It is usually a lazy Sunday for me who just graduated from college last April. But that Sunday was short of voluntarily killing myself. Worse, I brought four friends with me who unknowingly signed up for a dangerous adventure of their lives – an extreme adventure of river trekking and spelunking in Bonbon, Cebu.
Looking back, I would not do it if I had the chance backing out. The only sheer motivation I have had left hanging on to dear life was: I could never go back. Turning around is twice as dangerous as moving forward, and I wanted to find out what the fuss is all about in Binuthan Cave.
So I just had to shut down all my thoughts about safety and tune in into one instinct: SURVIVE.
We started out to Bonbon 8AM from JY Square. We rode a jeepney, walked, rode another jeepney, and walked again until we reached Biasong, the starting point of our river trek.
When we reached Biasong, we asked around for a guide to get us into the cave. Sineng, one of the locals, was enthusiastic and got his rope and flashlight. Once he fully realized that we wanted to get into the cave, he backed out. He was afraid. Along with the other people who gathered around us. Five hours later, we would find out their fear holds water. Literally.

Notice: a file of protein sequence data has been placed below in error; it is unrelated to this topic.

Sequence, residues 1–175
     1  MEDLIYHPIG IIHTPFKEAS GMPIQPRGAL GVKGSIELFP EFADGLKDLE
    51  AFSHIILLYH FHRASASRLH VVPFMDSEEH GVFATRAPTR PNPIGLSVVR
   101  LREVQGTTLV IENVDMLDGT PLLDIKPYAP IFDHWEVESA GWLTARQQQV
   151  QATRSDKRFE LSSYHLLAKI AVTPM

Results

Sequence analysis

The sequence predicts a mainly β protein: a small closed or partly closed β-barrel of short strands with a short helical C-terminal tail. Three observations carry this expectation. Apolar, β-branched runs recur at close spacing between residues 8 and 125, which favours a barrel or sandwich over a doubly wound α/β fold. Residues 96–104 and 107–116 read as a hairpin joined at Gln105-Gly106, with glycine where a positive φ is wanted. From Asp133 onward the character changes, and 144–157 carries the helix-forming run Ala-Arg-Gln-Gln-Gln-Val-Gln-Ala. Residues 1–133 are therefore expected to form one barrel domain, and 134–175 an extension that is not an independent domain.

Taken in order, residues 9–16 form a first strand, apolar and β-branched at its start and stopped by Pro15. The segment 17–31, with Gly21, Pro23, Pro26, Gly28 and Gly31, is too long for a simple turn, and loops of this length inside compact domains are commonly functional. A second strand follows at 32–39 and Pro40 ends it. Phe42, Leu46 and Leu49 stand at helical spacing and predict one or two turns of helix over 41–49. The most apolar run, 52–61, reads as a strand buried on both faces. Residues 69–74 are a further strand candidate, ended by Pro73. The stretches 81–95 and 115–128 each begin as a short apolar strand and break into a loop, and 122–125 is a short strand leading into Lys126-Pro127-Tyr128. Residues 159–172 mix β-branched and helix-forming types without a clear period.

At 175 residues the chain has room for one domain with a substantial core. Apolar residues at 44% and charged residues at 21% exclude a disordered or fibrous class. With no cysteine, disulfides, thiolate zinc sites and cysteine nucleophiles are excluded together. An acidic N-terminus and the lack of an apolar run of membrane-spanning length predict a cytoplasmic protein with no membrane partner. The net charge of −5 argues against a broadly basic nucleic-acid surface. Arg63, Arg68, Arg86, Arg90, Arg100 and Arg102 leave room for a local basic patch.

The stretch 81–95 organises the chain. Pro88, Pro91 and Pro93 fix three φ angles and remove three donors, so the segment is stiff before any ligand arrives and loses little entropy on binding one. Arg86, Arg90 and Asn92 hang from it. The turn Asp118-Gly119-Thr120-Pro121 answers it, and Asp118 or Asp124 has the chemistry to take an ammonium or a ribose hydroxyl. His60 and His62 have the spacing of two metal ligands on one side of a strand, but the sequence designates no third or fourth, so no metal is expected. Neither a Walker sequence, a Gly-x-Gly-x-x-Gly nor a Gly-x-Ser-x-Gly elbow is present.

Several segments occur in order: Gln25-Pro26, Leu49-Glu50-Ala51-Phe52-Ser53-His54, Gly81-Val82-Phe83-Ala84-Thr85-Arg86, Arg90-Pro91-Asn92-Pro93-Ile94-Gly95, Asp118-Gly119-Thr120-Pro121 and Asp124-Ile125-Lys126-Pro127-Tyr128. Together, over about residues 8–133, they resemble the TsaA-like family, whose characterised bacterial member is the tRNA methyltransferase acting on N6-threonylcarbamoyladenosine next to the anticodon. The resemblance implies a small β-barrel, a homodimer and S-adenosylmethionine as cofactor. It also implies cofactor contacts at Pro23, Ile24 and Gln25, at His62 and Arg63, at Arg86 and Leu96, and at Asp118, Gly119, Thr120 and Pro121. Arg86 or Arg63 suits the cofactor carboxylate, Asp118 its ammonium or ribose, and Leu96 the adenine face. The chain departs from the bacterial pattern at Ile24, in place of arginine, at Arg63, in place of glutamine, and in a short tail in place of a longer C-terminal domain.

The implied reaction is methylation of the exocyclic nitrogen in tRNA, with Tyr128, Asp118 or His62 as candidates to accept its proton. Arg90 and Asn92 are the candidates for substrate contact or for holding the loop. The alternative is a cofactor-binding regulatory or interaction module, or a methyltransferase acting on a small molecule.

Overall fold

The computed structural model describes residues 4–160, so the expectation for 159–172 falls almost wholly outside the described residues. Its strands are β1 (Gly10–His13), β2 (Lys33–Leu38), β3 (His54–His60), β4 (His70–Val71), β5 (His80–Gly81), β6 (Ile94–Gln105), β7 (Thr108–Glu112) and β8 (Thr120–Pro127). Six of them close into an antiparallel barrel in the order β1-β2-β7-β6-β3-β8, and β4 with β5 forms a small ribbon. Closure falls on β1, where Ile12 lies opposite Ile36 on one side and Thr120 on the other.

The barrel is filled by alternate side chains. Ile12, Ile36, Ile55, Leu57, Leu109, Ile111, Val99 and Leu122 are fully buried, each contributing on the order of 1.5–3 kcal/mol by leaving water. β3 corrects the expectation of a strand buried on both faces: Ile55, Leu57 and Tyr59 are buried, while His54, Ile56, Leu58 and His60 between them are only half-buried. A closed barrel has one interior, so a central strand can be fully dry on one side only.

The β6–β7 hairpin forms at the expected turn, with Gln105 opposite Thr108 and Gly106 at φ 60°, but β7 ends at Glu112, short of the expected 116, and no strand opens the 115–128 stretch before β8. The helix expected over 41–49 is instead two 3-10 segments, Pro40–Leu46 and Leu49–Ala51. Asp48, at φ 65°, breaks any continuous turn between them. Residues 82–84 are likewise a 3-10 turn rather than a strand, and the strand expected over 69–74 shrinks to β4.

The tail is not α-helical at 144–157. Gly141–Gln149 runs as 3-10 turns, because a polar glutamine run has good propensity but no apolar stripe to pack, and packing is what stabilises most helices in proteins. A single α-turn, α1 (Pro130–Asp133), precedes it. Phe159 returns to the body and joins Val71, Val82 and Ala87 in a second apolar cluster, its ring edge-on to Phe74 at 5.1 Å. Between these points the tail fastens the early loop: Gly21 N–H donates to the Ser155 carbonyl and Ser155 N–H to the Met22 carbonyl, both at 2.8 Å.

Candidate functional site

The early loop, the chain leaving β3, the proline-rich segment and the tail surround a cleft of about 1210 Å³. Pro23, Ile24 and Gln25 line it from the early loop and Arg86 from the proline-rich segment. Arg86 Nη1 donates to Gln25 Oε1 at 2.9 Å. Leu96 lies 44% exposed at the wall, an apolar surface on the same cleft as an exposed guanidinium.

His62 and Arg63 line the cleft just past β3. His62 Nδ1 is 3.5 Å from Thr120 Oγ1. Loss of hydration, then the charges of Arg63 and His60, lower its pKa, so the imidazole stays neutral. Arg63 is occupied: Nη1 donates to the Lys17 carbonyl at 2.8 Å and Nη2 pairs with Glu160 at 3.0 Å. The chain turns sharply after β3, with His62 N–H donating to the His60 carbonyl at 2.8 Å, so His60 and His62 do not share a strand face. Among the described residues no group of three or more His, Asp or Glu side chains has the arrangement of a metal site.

Adolescents were more daring. They wanted to go with us provided that they will have to find a certain kid named Patrick who has been to the cave. Once. We agreed, but told them we could only pay for four, not the whole baranggay who seemed at this moment eager to tag along.
So we went on with four teenage guides, no first-aid kit, almost-zero food and water, and our high-level of excitement. The first part of the trek was easy, as you can see.
Our first stop was the waterfalls where locals and tourists like Koreans usually make their final destination. It was past 11 AM when we got there, an hour after leaving Biasong. If we had food, we could have eaten our lunch by this time. GOAL: trek + caving = noon. REALITY: 1/4 of the trek = noon.
For about half an hour, we took a break and swam in the falls. We relaxed and had fun. Little did we know that this is the beginning of the most difficult trek in our lives. Climbing over mossy waterfalls with no ropes, going over and under huge boulders, hopping from one slab of rock to another – all these seemingly unending.
As we went on the trail, we were just amazed at how agile and adept our guides were. They could stand upright even when the incline is over 45 degrees not to mention slippery!